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Honey, I shrank the company: Tintri's dire third quarter presages a worse final one

Firm considers sale and looks to slash expenses

+Comment CEO Ken Klein is having to eat dust after Tintri's poor IPO saw sales staff leave. Third quarter results are dire, the fourth quarter looks even worse, and Tintri is considering selling itself.

We'll let the numbers talk first and see what Klein and his CFO Ian Halifax said in the earnings call.

Revenues in its third fiscal 2018 quarter were $31.8m compared to midpoint expectations of $36.5m. They were 6 per cent down on last year's $33.9m and lower than the previous quarter's $34.9m.


Tintri quarterly revenue trends to Q3 fy2018

There was a GAAP net loss of $37.9m, more than the revenues for the quarter, which compares to a net loss of $23.7m a year ago and $51.7m a quarter ago.

Free cash flow as a percentage of revenue was down 101.4 per cent.

So... profitability is far off in the future and Tintri is burning cash. Now for the bad news.

Next quarter's revenues are expected to be between $25m and $27m. They were $40.8m a year ago, meaning a 36.3 per cent fall. That would make full fiscal 2018 revenues of $123m, a 1.7 per cent decline from the $125.1mn reported for fiscal 2017.

How were these appalling numbers presented and received on the earnings call?

Chairman and CEO Ken Klein fessed up at once: "Our third quarter revenue was impacted by continued headwinds we have faced since our IPO in June. We made progress in the quarter by adding to our highly differentiated product portfolio and increase our footprint with existing customers, but we were impacted by delay and reduced purchases from some customers in our pipeline."

Then he delivered this statement: "We are exploring available strategic options to deliver value to our shareholders, including the sale of the company and optimization of our operating model to significantly reduce our cash burn rate and shorten the time to cash generation." Oh, things are that bad.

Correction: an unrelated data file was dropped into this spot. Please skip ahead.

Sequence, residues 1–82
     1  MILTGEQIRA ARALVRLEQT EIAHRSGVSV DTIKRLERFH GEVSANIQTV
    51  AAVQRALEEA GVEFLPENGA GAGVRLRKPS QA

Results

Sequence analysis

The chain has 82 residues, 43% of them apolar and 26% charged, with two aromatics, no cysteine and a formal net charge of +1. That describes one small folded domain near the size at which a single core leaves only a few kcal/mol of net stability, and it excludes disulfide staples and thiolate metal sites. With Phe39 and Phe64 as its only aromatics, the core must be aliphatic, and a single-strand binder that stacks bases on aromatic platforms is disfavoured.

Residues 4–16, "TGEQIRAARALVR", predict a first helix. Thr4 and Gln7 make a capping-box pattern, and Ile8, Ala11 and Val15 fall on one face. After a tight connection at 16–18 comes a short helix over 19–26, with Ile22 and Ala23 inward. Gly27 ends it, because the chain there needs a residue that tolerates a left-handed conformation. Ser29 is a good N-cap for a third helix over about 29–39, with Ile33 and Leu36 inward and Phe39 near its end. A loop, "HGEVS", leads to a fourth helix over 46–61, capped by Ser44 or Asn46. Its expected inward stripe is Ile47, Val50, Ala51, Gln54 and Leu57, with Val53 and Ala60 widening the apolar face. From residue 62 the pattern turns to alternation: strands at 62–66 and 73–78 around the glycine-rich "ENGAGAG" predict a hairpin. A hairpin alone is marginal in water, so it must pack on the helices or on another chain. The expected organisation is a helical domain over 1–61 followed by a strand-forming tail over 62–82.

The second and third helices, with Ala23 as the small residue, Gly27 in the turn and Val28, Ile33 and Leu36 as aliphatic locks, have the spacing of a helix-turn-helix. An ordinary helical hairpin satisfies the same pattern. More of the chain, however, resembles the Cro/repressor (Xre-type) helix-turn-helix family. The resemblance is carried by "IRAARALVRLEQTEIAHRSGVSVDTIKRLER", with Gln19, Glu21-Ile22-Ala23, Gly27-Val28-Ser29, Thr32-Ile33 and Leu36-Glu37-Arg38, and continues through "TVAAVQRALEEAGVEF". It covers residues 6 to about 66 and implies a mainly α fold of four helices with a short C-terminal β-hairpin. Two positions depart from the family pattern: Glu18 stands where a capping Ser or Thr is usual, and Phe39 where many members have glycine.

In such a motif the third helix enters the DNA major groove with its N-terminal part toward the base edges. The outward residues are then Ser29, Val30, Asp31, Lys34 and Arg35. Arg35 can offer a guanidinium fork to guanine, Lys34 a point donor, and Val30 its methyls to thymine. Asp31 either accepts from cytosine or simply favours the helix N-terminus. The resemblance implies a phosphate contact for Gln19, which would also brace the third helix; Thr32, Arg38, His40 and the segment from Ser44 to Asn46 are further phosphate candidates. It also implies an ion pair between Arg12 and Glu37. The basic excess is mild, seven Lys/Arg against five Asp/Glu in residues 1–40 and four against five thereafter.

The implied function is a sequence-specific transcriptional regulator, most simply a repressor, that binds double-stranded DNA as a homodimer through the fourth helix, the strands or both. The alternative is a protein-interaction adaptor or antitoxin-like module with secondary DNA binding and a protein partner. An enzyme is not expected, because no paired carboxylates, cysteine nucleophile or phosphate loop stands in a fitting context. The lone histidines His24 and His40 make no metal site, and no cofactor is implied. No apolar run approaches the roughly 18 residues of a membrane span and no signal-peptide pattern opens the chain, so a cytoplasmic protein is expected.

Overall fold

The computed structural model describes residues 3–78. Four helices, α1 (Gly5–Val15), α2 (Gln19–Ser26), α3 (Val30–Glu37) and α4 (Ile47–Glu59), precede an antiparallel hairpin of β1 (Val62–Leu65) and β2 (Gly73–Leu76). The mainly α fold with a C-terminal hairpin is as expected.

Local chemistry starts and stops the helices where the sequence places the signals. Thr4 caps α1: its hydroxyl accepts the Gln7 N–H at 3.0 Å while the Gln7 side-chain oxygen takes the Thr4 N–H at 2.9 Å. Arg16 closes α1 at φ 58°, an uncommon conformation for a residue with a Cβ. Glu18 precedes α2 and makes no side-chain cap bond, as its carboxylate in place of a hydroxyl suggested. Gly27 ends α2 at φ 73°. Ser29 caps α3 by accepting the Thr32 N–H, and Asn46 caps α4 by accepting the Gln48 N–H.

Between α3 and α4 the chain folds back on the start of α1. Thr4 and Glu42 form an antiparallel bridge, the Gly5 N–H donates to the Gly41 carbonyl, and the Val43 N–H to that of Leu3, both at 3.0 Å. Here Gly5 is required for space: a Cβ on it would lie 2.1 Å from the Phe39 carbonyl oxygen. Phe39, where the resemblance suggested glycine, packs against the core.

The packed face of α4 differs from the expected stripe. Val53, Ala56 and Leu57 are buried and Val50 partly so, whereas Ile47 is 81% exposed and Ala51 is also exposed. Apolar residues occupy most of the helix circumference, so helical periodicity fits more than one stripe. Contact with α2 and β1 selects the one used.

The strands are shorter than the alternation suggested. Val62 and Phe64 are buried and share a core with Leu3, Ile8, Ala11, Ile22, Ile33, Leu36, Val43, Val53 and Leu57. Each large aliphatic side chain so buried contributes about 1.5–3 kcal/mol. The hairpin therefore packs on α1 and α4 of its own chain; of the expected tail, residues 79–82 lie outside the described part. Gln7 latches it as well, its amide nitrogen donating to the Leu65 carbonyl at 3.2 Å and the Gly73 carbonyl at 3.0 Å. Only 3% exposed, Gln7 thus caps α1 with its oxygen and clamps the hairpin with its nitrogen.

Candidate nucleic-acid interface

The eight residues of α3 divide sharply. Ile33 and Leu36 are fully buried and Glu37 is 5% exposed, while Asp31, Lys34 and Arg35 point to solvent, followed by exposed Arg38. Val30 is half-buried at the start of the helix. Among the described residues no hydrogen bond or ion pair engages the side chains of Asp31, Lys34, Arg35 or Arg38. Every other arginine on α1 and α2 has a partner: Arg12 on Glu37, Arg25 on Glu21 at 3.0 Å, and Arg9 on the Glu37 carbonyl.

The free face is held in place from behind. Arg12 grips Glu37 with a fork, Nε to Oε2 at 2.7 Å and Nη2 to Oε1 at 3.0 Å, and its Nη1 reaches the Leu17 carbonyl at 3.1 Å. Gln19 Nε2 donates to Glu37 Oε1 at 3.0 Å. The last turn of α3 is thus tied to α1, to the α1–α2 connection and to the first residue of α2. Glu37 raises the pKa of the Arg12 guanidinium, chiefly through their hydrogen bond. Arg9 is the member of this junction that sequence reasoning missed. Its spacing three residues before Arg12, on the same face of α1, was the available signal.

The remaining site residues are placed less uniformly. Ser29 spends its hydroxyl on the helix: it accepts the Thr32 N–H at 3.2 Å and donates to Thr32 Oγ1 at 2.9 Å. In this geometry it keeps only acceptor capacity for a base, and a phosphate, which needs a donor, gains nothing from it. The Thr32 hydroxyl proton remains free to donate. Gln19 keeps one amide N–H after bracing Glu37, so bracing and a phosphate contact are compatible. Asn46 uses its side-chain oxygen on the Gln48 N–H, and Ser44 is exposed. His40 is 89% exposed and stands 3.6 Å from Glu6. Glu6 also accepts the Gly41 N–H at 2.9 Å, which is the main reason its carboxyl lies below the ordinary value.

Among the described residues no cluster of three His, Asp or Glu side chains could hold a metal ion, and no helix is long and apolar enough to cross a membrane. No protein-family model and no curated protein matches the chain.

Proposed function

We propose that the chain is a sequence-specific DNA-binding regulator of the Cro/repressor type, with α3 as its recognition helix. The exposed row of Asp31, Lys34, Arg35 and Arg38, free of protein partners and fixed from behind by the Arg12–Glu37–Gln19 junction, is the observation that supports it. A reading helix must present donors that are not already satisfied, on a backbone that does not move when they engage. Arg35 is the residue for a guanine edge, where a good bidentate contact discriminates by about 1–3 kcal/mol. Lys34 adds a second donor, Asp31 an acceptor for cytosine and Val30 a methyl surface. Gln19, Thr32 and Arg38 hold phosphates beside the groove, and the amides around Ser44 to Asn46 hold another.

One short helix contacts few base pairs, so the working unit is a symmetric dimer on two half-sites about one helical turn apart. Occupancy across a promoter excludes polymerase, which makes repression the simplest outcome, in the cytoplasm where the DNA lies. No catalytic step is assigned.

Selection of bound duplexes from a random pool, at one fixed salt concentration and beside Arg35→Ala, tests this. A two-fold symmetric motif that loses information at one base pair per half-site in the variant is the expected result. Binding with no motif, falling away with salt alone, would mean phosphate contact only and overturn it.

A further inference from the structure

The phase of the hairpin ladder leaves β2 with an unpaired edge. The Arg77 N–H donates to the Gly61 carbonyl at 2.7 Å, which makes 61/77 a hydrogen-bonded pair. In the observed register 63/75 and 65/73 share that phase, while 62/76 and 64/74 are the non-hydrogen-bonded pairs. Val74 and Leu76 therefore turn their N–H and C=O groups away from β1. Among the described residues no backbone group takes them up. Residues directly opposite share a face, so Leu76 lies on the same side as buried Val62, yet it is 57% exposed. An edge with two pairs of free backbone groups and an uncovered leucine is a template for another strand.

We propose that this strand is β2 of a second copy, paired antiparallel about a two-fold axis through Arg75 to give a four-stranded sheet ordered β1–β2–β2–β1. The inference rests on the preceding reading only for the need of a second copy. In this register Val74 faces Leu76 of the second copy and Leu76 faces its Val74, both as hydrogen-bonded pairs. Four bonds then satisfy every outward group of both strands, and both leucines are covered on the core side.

Klein thinks Tintri has enough cash and cash equivalents on hand to see the company through to positive cash flow generation next year. It shouldn't run out.

He said: "Although our Q3 revenue was lower than we anticipated, the company's technology advantage and value proposition remain intact."

William Blair analyst Jason Ader summed it up: "We worry that top-line growth and margin expansion will continue to be elusive. Meanwhile, heavy cash burn is likely to pressure the balance sheet for the foreseeable future. Thus, we think the best scenario for Tintri is to sell itself to a strategic buyer. We believe Tintri's technology and blue-chip customer base could be attractive to a larger player with holes in its product portfolio, and we believe management has resigned itself to this eventuality."

He is doubtful about Tintri's prospects if a sale falls through. "Should Tintri continue as a standalone business, our primary concern is that the company faces a catch-22 situation: it needs to reaccelerate growth to regain investor confidence, yet its weak balance sheet requires that it tread very lightly on investments. This requires a leap of faith that Tintri can thread the needle to drive materially higher productivity from existing resources, which feels like a long shot in the fiercely competitive storage market."


Tintri is not toast but it's certainly feeling the heat. As chairman and CEO, Ken Klein holds all the levers of power in Tintri and the IPO cockup happened on his watch: "Honey, I shrank the company."

Tintri is an object lesson in why the CEO should not be the chairman, and Tintri's board fouled up when it approved that situation.

Any strategic buyer will treat this as a sale by a distressed company and look for a low-ball price. Private equity ownership might be the best result and that could mean Tintri's hardware business being ditched. ®

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